Arjen Markus (21 march 2023) We all know "Pi day, right? The 14th of march. The Dutch firm Vortech presents a yearly challenge to celebrate this date and this year it is about Pisano periods - https://www.vortech.nl/en/the-pi-day-challenge-2023/ . They ask you to send in your quickest and shortest Python code to determine the Pisano period of a given number n. You can read about these numbers on this page: https://en.wikipedia.org/wiki/Pisano_period/ . I read it to get acquainted with this idea and among others it contains the interesting bit of information that the Pisano period for a number n never exceeds 6n. You can get it even sharper if n is not of the form 2*5**m.

Well, the challenge now is to find the period within these 6n (or 4n) possibilities. It turns out to be rather easy, as shown in the code below.

# pisano.tcl -- # Try to determine the Pisano period - Fibonacci numbers modulo n give a periodic sequence # # Generate the first 12n Fibonacci numbers modulo n: this should always contain at least two copies # of the periodic sequence. set n [lindex $argv 0] set nterms [expr {6 * $n}] set fnm2 0 set fnm1 1 set residues [list $fnm2 $fnm1] for {set i 2} {$i < $nterms} {incr i} { lappend residues [expr {($fnm1 + $fnm2) % $n}] set fnm2 $fnm1 set fnm1 [lindex $residues end] } puts $residues puts [llength $residues] # Now determine the period: # - Start with the smallest sublist and check if it is repeated # - If not, increase the length until you find a sublist that is repeated (we know it will be there) # for {set period 1} {$period <= 6*$n} {incr period} { set repeat [expr {6*$n / $period}] set repeatedList [concat {*}[lrepeat $repeat [lrange $residues 0 [expr {$period-1}]]]] set checkRange [expr {[llength $repeatedList] - 1}] #puts "$repeatedList -- [lrange $residues 0 $checkRange]" if { $repeatedList == [lrange $residues 0 $checkRange] } { puts "$period -- [lrange $residues 0 [expr {$period-1}]]" break } }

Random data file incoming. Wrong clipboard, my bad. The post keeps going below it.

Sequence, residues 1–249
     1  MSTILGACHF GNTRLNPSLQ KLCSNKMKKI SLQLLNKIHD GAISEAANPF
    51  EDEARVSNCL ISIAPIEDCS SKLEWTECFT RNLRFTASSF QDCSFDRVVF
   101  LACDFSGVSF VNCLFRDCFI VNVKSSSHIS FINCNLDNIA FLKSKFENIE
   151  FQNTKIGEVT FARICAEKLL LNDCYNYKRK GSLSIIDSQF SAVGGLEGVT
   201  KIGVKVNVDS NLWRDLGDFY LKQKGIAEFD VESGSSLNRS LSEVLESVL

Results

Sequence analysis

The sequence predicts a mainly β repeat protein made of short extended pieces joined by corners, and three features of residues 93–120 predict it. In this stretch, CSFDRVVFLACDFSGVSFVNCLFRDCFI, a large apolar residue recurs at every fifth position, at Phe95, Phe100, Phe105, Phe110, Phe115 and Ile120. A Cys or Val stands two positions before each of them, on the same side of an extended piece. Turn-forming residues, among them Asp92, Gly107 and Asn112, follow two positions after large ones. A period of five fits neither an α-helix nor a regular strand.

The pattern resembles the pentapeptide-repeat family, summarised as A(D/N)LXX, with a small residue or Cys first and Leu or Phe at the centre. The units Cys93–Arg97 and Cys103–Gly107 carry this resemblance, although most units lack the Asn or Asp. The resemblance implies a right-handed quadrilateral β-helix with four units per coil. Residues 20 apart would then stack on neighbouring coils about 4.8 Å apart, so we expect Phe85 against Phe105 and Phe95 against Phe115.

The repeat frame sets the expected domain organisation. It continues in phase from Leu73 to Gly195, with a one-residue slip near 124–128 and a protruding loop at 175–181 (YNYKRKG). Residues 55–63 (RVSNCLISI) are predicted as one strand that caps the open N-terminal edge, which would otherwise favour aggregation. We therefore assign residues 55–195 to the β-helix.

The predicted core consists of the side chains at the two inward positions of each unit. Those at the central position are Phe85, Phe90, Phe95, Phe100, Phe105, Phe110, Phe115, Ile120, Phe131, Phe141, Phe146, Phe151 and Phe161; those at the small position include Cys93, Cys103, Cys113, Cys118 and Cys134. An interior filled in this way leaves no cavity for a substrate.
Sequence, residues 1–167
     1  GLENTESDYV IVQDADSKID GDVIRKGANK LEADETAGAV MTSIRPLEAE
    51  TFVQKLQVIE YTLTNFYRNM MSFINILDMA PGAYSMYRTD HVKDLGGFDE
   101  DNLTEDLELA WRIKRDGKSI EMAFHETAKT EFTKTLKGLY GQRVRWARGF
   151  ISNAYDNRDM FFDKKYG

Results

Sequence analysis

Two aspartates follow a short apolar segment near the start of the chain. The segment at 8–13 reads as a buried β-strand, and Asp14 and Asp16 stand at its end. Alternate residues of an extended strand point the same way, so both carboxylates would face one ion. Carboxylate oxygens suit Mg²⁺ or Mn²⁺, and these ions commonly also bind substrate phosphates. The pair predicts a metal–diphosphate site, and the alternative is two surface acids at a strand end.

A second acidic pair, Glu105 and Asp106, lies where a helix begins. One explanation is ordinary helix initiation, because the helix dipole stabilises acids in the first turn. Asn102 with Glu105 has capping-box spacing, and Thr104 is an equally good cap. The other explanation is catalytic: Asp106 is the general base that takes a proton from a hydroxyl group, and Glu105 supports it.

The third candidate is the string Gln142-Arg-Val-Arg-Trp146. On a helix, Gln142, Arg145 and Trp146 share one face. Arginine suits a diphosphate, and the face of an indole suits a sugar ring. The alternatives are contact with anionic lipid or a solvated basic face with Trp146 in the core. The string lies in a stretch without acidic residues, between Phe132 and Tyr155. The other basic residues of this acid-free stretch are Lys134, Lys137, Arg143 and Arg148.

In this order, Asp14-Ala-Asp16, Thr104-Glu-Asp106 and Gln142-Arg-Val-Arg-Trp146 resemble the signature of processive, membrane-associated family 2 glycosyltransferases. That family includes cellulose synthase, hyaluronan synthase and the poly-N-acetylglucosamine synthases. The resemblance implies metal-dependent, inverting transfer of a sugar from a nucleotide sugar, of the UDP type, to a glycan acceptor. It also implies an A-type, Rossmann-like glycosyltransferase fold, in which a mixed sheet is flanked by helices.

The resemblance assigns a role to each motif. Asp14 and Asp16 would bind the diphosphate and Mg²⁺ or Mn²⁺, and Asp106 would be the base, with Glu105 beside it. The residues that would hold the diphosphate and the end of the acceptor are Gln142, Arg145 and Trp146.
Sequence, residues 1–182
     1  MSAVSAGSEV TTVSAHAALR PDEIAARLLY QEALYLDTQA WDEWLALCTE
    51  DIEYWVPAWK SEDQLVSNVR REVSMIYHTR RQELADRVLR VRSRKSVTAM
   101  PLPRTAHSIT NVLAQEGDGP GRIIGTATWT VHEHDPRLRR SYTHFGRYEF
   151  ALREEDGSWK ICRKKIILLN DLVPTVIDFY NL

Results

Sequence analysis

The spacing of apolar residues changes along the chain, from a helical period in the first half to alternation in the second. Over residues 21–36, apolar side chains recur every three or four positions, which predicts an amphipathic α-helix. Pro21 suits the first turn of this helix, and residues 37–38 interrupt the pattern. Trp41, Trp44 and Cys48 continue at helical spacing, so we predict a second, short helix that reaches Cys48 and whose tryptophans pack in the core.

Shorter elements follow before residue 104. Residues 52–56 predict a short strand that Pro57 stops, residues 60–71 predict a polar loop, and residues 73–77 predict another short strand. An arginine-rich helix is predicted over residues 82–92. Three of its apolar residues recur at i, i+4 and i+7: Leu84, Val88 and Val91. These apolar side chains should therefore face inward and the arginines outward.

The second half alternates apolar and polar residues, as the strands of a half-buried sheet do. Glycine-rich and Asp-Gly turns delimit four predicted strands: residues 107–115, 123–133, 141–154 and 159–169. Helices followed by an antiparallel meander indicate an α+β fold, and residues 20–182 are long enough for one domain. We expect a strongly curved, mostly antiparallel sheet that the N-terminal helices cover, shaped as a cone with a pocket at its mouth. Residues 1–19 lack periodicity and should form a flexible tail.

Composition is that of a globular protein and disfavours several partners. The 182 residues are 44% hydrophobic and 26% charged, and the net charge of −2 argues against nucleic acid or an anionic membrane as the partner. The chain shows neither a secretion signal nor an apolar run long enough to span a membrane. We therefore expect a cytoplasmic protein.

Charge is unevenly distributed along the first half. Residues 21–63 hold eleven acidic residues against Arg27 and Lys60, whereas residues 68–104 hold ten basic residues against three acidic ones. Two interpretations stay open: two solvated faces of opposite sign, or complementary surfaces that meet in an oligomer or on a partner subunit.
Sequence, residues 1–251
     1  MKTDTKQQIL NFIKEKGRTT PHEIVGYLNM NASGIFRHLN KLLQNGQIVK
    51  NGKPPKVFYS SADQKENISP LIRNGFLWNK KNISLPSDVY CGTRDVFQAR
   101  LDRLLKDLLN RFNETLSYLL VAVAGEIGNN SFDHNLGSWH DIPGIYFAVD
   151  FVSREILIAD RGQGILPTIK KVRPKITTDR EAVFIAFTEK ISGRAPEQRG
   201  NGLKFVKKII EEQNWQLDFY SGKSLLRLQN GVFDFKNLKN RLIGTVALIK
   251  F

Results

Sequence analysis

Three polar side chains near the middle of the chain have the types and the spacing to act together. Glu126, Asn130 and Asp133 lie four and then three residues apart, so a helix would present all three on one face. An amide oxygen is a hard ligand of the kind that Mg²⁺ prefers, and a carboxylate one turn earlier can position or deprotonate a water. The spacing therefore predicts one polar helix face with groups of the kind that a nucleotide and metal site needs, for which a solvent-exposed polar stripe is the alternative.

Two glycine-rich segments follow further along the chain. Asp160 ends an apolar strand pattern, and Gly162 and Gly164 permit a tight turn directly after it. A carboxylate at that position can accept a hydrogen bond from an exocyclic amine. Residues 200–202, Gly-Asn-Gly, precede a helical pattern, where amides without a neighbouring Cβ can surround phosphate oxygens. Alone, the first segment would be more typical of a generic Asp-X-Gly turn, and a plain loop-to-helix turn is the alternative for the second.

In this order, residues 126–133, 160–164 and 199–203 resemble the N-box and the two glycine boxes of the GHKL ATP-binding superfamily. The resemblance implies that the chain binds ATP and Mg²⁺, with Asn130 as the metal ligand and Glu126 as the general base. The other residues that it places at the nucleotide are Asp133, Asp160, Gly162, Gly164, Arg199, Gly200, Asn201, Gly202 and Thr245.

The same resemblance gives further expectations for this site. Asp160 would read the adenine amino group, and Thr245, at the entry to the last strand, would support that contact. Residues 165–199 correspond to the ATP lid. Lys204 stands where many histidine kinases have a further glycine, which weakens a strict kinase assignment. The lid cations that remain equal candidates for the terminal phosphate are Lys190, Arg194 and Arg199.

My solution is probably hors concours: it is not in Python and I have no idea how fast it is. It is short though :). If you take out all the comments and empty lines, as well as the unnecessary puts's, you end up with 19 lines of code.